Under certain felony conditions, you can get your conviction expunged so that it is not accessible to the public during background checks for jobs, applying to rent an apartment or house, and applying for professional licenses.
Serious felony convictions of murder, rape, or sexual crimes against children rarely are expunged. If you want to get your records expunged, hire a criminal defense attorney who specializes in case expungements, to get the best help possible for a positive outcome.
California Penal Code § 1203.4
Under California Penal Code § 1203.4, the conviction of a crime can be expunged when the defendant has completed the conditions of probation or has been legally discharged ahead of the probation’s term. The earlier plea of guilty can be withdrawn, and a “not guilty” plea entered instead.
The next step is to file to reduce the felony conviction to a misdemeanor, so long as the original conviction was eligible as a “Wobbler” under the category of crime, meaning it could have been charged and convicted as a misdemeanor instead of a felony.
The best way to know in your preliminary research if your crime was a wobbler is to start with the category of crime, such as domestic violence (PC § 273.5), aggravated battery (PC §243(d)), and criminal threats (PC § 422). Your criminal defense attorney, however, is your best source of the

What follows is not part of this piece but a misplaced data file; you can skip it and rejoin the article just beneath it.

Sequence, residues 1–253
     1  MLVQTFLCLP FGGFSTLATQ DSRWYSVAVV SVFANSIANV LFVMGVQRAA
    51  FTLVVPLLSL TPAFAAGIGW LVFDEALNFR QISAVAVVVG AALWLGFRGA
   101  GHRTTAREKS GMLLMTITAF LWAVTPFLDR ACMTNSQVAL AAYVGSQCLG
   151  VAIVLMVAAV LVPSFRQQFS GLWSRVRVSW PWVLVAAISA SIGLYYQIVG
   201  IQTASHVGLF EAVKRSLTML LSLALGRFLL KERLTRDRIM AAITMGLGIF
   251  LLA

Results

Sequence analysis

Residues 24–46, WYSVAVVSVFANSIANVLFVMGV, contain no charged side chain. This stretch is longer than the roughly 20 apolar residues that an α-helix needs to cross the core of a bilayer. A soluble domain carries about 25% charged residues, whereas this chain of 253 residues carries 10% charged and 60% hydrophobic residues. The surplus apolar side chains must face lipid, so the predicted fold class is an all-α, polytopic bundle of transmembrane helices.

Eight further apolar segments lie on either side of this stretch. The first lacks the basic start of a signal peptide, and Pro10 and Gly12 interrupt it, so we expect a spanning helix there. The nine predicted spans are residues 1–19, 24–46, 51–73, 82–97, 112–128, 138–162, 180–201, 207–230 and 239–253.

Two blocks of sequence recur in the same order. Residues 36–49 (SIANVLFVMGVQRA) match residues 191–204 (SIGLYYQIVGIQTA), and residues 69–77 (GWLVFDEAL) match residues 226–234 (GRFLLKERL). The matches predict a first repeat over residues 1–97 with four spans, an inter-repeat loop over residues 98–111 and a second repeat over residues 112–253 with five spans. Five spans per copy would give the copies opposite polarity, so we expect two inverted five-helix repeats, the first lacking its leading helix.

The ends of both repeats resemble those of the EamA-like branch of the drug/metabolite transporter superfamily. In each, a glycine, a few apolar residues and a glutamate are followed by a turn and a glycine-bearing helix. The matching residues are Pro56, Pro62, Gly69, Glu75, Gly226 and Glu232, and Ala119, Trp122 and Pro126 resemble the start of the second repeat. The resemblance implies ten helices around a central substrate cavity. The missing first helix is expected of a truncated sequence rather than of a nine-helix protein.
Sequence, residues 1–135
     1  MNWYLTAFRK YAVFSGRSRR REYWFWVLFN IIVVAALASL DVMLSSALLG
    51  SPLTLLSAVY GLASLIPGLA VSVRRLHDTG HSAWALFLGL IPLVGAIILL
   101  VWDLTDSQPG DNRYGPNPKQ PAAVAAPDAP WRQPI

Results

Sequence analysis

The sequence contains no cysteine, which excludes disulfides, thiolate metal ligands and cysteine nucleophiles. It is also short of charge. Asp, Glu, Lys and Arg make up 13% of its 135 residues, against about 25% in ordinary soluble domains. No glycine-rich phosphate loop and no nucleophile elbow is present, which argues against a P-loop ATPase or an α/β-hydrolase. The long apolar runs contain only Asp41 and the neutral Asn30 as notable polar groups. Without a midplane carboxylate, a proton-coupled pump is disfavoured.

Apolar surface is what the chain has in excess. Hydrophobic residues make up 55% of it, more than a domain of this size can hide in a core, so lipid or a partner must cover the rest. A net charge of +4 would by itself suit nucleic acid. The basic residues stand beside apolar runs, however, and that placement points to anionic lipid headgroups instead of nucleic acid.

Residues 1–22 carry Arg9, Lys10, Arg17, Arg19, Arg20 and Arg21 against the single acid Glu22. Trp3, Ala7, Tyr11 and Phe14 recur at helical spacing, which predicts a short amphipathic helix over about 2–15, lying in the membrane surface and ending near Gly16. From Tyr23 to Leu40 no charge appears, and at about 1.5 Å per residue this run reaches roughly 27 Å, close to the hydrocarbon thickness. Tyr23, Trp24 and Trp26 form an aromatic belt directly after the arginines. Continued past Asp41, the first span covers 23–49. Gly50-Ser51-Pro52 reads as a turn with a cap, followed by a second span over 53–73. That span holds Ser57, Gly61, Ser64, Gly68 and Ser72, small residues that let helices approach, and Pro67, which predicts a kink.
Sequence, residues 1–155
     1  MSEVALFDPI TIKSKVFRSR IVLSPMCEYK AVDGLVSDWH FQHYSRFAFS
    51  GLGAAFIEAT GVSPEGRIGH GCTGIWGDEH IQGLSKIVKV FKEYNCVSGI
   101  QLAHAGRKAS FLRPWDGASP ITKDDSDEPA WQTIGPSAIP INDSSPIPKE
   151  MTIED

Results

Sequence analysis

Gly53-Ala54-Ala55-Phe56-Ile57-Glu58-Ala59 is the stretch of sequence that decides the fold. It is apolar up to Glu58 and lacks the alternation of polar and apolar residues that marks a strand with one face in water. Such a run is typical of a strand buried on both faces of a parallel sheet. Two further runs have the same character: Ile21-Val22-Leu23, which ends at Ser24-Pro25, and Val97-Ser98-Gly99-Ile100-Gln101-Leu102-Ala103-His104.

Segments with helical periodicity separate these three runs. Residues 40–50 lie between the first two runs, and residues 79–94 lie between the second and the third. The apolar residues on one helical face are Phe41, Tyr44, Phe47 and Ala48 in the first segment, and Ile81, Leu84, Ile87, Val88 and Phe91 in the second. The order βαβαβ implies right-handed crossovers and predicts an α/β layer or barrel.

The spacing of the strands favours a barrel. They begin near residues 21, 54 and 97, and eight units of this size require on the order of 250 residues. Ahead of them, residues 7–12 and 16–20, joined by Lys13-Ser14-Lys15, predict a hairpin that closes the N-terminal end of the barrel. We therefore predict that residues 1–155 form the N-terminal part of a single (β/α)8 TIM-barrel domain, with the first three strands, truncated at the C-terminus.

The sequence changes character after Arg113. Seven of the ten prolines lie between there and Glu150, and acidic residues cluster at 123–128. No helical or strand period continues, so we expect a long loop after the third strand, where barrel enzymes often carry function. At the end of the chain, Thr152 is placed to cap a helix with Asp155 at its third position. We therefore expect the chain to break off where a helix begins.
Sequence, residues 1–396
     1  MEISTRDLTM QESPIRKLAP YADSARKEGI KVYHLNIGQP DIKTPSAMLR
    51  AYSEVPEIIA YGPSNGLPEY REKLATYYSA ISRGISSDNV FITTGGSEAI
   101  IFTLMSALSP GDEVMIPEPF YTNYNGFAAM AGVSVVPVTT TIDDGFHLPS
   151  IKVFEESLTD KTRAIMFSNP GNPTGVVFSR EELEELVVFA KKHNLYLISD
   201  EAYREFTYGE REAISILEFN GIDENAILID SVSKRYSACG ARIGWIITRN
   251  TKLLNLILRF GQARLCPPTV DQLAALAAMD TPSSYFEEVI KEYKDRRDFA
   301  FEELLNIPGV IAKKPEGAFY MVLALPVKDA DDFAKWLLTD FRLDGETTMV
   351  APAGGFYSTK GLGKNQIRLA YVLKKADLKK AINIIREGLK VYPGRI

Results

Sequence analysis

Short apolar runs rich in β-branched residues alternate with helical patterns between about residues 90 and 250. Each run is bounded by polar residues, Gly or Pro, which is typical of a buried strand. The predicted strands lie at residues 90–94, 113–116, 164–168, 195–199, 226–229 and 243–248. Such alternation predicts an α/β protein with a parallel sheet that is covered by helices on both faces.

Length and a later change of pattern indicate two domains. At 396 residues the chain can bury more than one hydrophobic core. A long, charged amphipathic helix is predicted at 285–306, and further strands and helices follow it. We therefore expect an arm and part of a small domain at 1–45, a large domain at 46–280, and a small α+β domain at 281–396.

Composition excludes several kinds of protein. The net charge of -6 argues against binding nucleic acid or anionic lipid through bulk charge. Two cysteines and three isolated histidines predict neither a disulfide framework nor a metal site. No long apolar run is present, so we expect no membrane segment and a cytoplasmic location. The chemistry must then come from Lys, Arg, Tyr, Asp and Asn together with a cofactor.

What You Should Know about Expungement
While you may get your case expunged, there are a few things that you still cannot do, such as buy and own a firearm unless you apply for a Certificate of Rehabilitation and Governor’s Pardon, covered by California Penal Code § 4852.01(b)(d).
If you must register as a sex offender, you still have to continue to register even if your case is expunged, unless you apply for the Certification of Rehabilitation after the expungement is completed.
When applying for any government job, you still must admit that you were convicted when asked, but you can say that the case was expunged as related to California’s Penal Code 1203.4.
Jobs such as police officers, and other jobs of “trust” are closed to you, although you can consult with your attorney first about any new changes in the California laws. The same is true when you are applying for professional licenses where you must again admit your conviction and subsequent expungement.
Should you ever commit a crime, however, your expunged case and conviction could come back out and be used against you under certain conditions.
Keeping a Good Profile
While it may seem that you are restricted in some ways for how you can live your life, understand that you have more freedom available now to live a better life than if you had not had your case expunged. Therefore, view this as a second chance to live life and to do something good with it and yourself.
If you need help with getting your conviction and case expunged, call us at once. (619) 234-2300